What’s Up With Google's Bouncy Ball Logo?

What’s Up With Google's Bouncy Ball Logo?
Google launched another Google Doodle guessing game Tuesday, with a new interactive Google logo that you can manipulate with your mouse. Google replaced its static logo with a set of dynamic colored balls that make up the Google logo. Move your mouse pointer near the logo and all the balls disperse and don't settle down until the pointer stops moving.

It's a lot of fun to try out, and will most likely be blamed for another dramatic dip in worldwide productivity. Another neat trick you can do is to get the balls to move by shaking your browser window.

What's behind Google's balls?

It's not clear what prompted Google to launch the playful design, but many are guessing it's a celebration of Google's anniversary. The company was incorporated on September 7, 1998.

Softpedia points out that Google's logo is a JavaScript-based particle movement simulator, suggesting the logo may be in honor of a scientific achievement or notable personality. You may remember that Google released a series of sci-fi related Google Doodles in September 2009 to celebrate the 143rd birthday of author H.G. Wells. So this may be the first doodle in a series of tributes just like last year.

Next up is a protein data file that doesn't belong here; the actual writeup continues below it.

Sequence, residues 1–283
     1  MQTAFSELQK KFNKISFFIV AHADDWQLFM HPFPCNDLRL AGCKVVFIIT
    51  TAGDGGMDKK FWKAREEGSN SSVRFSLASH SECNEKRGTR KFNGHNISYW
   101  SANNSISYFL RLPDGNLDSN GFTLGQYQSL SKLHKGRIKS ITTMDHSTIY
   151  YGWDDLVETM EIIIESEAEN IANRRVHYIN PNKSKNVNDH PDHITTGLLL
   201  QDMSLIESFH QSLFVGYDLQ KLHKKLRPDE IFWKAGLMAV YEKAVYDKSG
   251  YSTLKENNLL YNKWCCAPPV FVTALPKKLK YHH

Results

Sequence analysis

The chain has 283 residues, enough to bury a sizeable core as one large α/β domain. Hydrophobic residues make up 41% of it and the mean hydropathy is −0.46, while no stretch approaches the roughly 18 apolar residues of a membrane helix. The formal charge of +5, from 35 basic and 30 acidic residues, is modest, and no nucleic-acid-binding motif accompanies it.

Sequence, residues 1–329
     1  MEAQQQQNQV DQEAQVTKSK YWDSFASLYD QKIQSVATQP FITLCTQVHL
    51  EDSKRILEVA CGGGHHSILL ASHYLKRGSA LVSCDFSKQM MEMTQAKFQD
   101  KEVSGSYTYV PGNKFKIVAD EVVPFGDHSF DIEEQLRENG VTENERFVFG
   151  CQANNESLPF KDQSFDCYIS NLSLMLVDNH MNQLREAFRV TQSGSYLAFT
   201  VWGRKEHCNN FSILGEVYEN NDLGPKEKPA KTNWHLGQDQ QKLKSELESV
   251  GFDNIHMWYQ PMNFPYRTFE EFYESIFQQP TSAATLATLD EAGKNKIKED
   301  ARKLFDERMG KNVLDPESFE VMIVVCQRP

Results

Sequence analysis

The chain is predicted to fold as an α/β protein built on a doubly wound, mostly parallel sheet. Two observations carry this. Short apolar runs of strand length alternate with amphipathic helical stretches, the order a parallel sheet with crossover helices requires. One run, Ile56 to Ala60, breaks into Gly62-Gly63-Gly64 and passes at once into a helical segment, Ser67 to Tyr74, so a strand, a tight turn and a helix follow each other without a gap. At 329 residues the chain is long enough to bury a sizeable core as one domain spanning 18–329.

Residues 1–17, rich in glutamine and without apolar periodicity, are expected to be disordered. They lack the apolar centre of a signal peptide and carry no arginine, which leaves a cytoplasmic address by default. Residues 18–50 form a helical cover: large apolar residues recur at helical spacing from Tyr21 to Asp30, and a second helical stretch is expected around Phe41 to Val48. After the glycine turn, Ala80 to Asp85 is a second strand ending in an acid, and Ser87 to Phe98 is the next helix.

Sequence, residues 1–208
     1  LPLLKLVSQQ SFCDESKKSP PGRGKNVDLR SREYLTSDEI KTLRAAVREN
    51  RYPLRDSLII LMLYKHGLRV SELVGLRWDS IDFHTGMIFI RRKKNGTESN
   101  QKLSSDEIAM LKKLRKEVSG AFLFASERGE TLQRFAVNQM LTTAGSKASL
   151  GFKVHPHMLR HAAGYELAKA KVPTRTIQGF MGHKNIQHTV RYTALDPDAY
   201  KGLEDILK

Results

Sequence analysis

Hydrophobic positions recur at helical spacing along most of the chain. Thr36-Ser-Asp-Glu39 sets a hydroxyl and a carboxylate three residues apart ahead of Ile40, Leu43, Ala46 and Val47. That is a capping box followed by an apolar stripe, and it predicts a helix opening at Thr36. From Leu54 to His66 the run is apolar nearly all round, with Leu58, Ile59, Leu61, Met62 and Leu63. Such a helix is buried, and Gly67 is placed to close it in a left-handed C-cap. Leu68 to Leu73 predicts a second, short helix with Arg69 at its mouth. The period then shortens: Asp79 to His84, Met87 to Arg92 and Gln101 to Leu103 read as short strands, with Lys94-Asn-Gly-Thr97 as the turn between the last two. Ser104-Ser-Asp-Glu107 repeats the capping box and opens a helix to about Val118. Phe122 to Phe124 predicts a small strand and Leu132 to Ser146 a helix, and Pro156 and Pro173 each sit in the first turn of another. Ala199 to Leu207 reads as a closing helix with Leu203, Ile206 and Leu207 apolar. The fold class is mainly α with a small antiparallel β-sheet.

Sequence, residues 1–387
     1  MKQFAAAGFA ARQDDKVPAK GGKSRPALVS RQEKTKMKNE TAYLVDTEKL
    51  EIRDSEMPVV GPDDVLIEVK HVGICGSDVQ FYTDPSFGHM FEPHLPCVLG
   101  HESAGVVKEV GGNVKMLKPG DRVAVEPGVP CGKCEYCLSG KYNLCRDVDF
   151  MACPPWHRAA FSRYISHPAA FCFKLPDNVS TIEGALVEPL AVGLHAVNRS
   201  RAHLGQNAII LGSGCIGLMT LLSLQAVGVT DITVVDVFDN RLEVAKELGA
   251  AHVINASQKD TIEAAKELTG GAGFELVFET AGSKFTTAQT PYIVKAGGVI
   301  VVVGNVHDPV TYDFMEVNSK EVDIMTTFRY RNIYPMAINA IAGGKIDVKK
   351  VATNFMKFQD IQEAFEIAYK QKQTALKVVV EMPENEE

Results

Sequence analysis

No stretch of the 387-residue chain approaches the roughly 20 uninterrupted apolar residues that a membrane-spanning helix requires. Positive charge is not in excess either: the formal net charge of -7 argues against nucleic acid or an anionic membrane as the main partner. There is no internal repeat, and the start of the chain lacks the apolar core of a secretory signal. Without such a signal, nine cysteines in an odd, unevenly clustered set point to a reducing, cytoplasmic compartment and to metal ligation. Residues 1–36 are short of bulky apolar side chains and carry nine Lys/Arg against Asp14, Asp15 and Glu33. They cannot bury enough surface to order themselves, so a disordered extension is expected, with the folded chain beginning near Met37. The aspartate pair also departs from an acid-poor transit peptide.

Modern Web

Whatever the occasion for Google's new Doodle, the search giant's design team has also used the occasion to show off the capabilities of modern Web technologies. The logo depends largely on JavaScript to create the particle simulator effect.

This is the fourth interactive design that Google has used on its front page. In January the search giant celebrate Isaac Newton's birthday with a falling apple animation, according to Search Engine Land. In May, Google turned its logo into a Pac-Man game to celebrate the iconic video game's 30th anniversary. Most recently, the Google logo was changed to an interactive Buckyball on September 4 to celebrate the 25th anniversary of its discovery. The Buckyball, also known as the Buckminsterfullerene C60 is a molecule made entirely of carbon. It was named after the engineer and architect Richard Buckminster Fuller who invented the geodesic dome. The Buckyball is one of many tech-related silver anniversaries being celebrated in 2010.

One More possibility

It's also worth noting that JavaScript was first released on September 1995 under the name LiveScript as part of Netscape Navigator 2.0, according to JavaScript Basics by Christian Wenz. So maybe this doodle has something to do with the 15th anniversary of JavaScript.

Google logo hates mouse:

Connect with Ian on Twitter (@ianpaul).

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